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Jarius Wright couldn't sleep, but reviews generally good on Vikings' London voyage

LONDON — So much for the sleep specialists the Vikings brought in to provide advice.

Wide receiver Jarius Wright had been looking forward to going to London. But after Sunday's 33-16 win over Cleveland at Twickenham Stadium, he admitted it didn't quite go as well as expected.

"It was cool, but I didn't really get to sleep here in London,'' Wright said. "The time (difference of six hours) really messed me up. It messed me up big time.''

The Vikings left Wednesday and arrived Thursday morning. The week before, the Vikings had brought in sleep specialists to provide tips to the players.

"I did (listen), but it didn't work,'' said Wright, who didn't catch a pass Sunday while being targeted just once.

So what was Wright doing when he couldn't sleep?

"Just looking at my phone the whole time,'' he said

Reviews were better from most of the other players about the trip. Defensive end Everson Griffen enjoyed the atmosphere.

"When you're driving up on a bus, you see fans everywhere with different (NFL) jerseys, and it just shows how much they appreciate football in the U.K.," Griffen said. "It shows that we can have fans around the world.''

Still, Griffen said he doesn't see an NFL team ever coming to London.

Defensive tackle Linval Joseph said a highlight was simply hearing the locals talk.

"Just listen to everybody's accent, you know, it's great,'' Joseph said.

Vikings coach Mike Zimmer said his players conducted themselves well overseas. He pointed to what he heard at the team hotel.

"It really was an amazing few days that we had here,'' Zimmer said. "Just going to brag on my players for a minute. Over at the hotel that we stayed at, (there were) four teams stay there (this season).

"And they came up to me and said, 'This is the best, most well-mannered group they have ever had. They sit together, they eat together, they hang out together, say please and thank you.' So that made me feel good. And they won (Sunday), so that made me feel better.''

Celebrating Viking style

After Vikings running back Jerick McKinnon scored a key touchdown , tight end Blake Bell approached him ready to celebrate.

What McKinnon did then, Blake wasn't so sure.

"You might have to ask him,'' Bell said. "I just went up to congratulate him and he starting doing his deal.''

McKinnon's 1-yard touchdown run and 2-point conversion run late in the third quarter had put Minnesota up for good at 23-16. After the TD, with Bell, tight end David Morgan and fullback C.J. Ham looking on, McKinnon sat down and looked as if he were driving a car.

"Yep,'' McKinnon said. "A Bentley preferably because (defensive end Everson Griffen's) got a Bentley, so I like Bentleys. But I was driving fast, so it might be a Lamborghini. I had to just put it in drive, and hop in the car and drive.''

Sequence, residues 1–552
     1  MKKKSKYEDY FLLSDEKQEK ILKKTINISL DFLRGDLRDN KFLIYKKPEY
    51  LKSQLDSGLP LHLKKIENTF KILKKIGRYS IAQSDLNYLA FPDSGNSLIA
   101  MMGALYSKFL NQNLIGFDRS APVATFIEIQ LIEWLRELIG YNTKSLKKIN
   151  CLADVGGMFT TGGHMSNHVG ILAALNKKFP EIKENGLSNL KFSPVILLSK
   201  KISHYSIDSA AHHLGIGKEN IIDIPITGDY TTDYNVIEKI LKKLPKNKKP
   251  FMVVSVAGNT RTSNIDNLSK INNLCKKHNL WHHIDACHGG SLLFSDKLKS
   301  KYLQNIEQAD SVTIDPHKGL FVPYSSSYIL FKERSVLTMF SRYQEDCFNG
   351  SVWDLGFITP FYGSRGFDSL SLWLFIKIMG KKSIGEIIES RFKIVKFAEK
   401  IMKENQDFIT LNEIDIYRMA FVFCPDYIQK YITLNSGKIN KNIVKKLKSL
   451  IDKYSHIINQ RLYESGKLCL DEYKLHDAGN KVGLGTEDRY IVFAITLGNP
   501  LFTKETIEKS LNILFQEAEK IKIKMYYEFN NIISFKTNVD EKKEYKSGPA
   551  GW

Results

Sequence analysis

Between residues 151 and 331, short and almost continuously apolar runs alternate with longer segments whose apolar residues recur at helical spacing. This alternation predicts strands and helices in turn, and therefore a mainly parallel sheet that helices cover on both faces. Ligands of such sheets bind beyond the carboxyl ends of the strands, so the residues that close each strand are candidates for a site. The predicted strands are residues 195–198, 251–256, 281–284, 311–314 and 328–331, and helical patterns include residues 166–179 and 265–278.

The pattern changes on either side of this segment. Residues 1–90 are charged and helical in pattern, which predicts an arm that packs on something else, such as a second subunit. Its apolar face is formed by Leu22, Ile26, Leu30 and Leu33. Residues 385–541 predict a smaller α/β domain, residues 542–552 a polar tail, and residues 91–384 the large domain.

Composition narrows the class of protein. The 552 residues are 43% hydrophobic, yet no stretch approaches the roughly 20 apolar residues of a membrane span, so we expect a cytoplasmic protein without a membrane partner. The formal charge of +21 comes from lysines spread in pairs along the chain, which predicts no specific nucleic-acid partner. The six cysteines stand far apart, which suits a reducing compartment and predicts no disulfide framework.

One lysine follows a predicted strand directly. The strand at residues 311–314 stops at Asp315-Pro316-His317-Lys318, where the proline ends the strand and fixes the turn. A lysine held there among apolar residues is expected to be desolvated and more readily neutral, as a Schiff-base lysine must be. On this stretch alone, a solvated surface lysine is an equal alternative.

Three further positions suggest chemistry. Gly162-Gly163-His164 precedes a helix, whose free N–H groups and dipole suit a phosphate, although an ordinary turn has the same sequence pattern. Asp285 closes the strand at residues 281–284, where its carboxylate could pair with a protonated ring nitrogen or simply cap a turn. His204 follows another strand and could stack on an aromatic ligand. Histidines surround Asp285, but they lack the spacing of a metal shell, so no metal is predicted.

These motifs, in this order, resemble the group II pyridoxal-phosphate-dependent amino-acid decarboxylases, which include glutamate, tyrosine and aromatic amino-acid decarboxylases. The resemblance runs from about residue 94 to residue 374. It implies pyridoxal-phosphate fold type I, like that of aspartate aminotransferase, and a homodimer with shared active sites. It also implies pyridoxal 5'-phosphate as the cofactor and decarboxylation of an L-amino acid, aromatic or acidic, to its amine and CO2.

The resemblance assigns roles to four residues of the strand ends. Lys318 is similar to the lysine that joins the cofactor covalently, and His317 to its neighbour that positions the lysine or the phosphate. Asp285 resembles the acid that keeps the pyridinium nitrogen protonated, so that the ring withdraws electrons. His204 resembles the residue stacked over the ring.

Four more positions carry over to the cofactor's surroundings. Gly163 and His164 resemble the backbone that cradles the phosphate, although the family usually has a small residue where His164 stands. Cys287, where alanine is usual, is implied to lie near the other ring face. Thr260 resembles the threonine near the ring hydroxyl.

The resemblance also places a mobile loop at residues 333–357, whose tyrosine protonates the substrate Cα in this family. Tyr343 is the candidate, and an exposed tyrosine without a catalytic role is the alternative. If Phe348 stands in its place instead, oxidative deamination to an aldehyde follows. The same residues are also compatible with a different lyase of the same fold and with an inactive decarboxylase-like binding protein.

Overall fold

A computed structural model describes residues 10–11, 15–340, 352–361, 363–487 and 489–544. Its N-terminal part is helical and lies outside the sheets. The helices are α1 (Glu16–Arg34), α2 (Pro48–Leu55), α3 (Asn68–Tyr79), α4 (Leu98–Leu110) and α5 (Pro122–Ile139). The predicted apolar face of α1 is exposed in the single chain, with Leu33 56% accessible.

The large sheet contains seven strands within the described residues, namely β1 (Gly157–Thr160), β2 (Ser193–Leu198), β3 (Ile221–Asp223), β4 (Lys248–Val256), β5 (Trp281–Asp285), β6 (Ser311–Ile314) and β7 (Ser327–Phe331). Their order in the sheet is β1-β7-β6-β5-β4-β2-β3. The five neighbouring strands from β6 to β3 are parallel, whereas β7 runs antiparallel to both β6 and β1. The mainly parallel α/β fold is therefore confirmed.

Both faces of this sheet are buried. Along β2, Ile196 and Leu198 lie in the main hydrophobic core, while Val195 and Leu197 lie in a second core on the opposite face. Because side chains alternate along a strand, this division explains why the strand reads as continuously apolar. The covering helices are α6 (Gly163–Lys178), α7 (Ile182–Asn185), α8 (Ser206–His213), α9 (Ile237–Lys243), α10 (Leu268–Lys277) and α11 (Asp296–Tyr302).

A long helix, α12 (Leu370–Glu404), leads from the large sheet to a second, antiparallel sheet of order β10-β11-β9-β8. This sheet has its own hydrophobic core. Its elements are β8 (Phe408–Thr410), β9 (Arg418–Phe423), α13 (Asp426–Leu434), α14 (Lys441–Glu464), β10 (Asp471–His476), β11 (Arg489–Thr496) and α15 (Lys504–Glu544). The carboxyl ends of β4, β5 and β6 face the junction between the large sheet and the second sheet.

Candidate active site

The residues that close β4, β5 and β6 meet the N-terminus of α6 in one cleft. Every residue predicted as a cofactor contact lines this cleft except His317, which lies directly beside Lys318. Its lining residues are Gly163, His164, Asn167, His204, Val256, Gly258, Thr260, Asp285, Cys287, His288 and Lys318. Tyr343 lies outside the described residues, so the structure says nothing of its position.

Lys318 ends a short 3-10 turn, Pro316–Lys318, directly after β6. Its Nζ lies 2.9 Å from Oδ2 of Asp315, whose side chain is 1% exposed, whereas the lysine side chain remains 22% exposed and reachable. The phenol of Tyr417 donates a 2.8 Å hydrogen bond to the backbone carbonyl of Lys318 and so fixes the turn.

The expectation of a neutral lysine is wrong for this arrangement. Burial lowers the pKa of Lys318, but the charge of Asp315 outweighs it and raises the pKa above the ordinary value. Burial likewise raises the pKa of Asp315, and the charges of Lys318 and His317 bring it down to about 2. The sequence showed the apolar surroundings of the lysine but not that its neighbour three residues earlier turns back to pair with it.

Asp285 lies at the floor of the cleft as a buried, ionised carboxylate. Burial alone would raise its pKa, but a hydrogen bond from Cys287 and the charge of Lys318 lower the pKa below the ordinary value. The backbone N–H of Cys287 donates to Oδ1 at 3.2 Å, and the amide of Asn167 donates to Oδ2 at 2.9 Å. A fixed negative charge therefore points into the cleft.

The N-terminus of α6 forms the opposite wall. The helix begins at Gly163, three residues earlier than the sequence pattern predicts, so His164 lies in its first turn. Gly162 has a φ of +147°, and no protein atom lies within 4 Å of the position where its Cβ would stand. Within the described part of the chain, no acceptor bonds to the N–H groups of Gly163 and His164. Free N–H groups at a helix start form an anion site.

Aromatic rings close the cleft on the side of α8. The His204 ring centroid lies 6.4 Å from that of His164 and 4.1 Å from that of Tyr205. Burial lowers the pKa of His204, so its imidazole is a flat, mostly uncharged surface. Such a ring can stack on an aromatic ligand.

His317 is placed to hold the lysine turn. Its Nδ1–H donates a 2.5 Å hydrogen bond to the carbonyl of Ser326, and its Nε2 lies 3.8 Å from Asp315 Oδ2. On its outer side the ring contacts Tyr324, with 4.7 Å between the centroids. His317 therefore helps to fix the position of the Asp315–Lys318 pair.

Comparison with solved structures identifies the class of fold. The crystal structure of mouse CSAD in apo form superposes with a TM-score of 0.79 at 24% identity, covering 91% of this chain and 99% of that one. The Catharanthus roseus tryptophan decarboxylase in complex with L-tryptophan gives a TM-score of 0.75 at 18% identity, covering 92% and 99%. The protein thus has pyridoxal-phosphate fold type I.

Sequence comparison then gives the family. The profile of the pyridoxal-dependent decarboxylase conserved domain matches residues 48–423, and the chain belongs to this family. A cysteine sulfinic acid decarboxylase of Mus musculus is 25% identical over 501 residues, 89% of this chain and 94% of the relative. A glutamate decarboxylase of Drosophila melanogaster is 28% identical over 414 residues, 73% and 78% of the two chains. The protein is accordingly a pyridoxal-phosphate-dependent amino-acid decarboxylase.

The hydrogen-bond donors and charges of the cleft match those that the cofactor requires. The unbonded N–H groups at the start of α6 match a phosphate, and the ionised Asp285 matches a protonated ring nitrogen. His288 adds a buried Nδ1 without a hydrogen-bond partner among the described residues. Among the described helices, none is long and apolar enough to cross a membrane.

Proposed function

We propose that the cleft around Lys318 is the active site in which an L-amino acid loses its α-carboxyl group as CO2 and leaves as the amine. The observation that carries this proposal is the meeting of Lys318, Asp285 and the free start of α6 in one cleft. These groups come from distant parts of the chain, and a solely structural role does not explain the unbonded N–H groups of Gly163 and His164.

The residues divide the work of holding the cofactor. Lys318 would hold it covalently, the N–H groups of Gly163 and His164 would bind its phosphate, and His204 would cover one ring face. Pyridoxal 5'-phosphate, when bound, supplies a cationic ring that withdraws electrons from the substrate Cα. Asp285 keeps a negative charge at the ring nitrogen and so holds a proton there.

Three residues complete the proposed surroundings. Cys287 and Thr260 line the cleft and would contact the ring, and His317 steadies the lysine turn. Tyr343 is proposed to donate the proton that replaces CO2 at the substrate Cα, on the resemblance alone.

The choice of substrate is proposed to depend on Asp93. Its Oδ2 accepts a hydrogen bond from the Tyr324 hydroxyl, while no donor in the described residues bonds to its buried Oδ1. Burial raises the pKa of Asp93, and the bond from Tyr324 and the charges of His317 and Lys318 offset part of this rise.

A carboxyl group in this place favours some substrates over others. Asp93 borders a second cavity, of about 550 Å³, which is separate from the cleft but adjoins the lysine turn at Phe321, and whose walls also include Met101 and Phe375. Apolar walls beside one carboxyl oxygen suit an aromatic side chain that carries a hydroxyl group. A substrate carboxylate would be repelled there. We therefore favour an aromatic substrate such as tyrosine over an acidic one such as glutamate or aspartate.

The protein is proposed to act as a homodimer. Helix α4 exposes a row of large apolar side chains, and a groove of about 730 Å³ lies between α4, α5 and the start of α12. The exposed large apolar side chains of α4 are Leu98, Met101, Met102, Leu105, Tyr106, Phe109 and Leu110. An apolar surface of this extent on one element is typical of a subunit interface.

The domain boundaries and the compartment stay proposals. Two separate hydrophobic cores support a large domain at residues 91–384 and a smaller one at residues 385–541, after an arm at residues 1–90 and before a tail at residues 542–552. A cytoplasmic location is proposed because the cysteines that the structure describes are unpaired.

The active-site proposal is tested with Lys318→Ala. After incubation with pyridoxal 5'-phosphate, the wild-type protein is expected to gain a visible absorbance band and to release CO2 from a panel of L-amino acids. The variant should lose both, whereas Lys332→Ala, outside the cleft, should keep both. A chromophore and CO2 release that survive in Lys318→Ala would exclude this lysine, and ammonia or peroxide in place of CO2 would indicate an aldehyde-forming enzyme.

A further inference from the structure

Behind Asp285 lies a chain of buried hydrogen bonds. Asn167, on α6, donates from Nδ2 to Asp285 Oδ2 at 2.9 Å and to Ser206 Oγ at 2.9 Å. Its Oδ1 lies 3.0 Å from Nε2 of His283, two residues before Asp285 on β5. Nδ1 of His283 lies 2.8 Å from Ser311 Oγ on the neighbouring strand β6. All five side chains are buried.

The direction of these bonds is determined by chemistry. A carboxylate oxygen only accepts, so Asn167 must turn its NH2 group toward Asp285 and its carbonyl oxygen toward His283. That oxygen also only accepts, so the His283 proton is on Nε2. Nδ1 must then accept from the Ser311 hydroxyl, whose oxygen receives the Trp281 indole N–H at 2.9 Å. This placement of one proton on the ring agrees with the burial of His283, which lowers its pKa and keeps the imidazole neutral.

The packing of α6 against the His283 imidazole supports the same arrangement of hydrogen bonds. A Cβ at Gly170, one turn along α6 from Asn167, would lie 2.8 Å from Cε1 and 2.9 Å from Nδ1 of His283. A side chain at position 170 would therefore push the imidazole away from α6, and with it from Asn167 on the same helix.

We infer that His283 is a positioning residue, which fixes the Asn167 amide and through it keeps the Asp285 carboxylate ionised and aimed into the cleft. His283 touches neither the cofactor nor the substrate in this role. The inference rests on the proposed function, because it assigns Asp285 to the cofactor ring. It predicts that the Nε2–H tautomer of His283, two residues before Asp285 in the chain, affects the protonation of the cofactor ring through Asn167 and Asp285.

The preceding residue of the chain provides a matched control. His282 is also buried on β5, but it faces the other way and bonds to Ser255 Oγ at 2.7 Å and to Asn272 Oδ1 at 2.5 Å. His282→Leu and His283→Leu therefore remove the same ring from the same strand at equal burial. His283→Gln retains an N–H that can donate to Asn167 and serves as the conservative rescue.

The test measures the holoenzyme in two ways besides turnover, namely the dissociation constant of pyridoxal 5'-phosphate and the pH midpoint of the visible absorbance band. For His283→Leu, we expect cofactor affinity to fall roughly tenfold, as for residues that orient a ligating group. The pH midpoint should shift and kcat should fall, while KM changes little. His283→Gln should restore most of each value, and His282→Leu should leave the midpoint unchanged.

McKinnon was pretending to shift gears with his right hand. In England, the left hand is used to shift.

"I had my car shipped from the States,'' McKinnon said.

However he chose to celebrate, McKinnon earned it. He led the Vikings with 50 yards rushing on 14 carries and caught six passes for 72 yards.

McKinnon gave plenty of credit to quarterback Case Keenum for finding him with screen passes.

"Just Case's ability to extend plays and scramble around and he just found me on a couple passes and we were able to get chunks out of that,'' McKinnon said. "The guy's for real, and you can see it the way he plays, the energy and helping us work some wins.''

On his touchdown, McKinnon ran around left end. He went up the middle on his 2-point conversion but didn't have a second celebration for that one.

If McKinnon's car-driving skit got mixed reviews, he was fine with that. He admitted Adam Thielen's soccer slide after a touchdown in the second quarter was better.

"Thielen's was because he had some distance on his slide,'' McKinnon said. "He didn't get stuck. He didn't mess it up.''

Rookies step up again

For the second consecutive week, the Vikings had to rely on two inexperienced offensive linemen. Once again, they came through.

Despite having practiced throughout the week, left guard Nick Easton (calf) sat out for the third straight game in Sunday's win. He was replaced by rookie Danny Isidora, who got his first NFL start.

On the first series of the game, Vikings right tackle Mike Remmers was lost for the game with a concussion. Filling in the rest of the way was second-year man Rashod Hill.

In a 24-16 win over Baltimore on Oct. 22, Easton had been replaced by Jeremiah Sirles, who suffered a knee injury and gave way in the second half to Isidora. Sirles was out Sunday.

Against the Ravens, left tackle Riley Reiff was lost in the second half with a knee injury and replaced by Hill. Reiff was able to return Sunday.

"That's hard,'' right guard Joe Berger said of Remmers' injury. "Me and Remmers obviously are close. I enjoy being able to play next to him, and it's hard to see him (hurt). But Rashod stepped in and played well. ... I think both (Hill and Isidora) came in and did well.''

The Vikings got back wide receiver Stefon Diggs (groin) after he had missed two games and receiver Michael Floyd (hamstring) and cornerback Mackensie Alexander (hip) after each had sat out one game. Diggs caught four passes for 27 yards.

"It felt good,'' Diggs said. "I wanted to be with my teammates. I missed my teammates, being out there grinding with them. I feel great.''

Floyd, who had one catch for 7 yards, said his hamstring "felt good.'' He has just three receptions for 31 yards in three games since returning from a four-game NFL suspension to start the season.

When Sunday's game ended, it looked as if defensive end Everson Griffen might have gotten hurt because he sat on the ground and took his shoe and sock off. He shrugged that off, saying, "Everything's good.''